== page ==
Posted on August 1, 2023

Newcomers to Canada Not Driving Employment Gains – Scotiabank

Ketki Saxena,, July 31, 2023

Canada’s expansive immigration policy – which has seen an influx of 1.5 Million newcomers to the country in the last twelve months alone – has been predicated on the assumption that a large volume of newcomers is necessary to support an aging demographic and address labour shortages.

However, recent research from banks including BMO (TSX:BMO) and TD (TSX:TD) has increasingly indicated that the influx of new Canadian residents has had more negative than positive consequences – including the exacerbation of a housing shortage, and worsening weaknesses in Canada’s already strained infrastructure, such as healthcare.

A new report from Scotiabank (TSX:BNS)’s Derek Holt now posits that “the narrative that immigration is driving jobs and GDP is more hype based upon spurious correlations than substance”, implying that the ” Canadian immigration experiment” is not just worsening the housing crisis, and straining Canadian infrastructure. It is also failing to deliver the benefits of the premise this policy has been primarily predicated on.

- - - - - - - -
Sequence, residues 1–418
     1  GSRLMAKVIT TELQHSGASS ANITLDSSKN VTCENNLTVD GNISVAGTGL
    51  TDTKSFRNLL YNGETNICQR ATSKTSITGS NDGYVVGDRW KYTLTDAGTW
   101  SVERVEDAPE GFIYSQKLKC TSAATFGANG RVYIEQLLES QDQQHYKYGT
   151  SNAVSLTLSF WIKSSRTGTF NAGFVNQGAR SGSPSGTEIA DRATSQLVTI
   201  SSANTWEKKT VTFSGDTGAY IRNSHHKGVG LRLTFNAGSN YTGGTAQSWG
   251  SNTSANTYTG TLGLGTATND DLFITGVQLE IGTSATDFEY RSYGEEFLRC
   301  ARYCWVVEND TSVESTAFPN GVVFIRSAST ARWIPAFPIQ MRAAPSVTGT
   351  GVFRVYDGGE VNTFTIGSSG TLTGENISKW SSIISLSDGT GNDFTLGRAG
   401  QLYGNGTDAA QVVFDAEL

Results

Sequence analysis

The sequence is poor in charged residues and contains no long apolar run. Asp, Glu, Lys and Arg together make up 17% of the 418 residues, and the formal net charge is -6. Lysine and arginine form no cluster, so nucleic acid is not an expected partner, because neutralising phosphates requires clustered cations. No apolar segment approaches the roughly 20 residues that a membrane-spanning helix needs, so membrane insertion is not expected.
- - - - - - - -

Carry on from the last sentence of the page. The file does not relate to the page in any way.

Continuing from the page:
In the report, Holt notes “The popular theory is that Canada’s jobs juggernaut has been driven by a surge of immigration over 2022–23.”


84% of all employment gains in Canada have gone either to those born in Canada or to permanent residents who have been here for 10 or more years. About 14% of total employment growth over this period went to temporary residents.

Of the remaining 2% of employment gains, only 10% were due to landed immigrants who have been in Canada for under 5 years.


Holt adds several implications that this data forces one to consider. First of these is that “If employment growth is not being driven by fresh arrivals and their conversion to landed immigrant status, then by extension the diversified drivers of overall economic growth are probably not being driven by fresh arrivals.”


Another key implication Holt notes is that “If immigration is not driving the employment gains, then perhaps we shouldn’t count upon it to keep employment growth going for as long as high immigration targets are maintained.”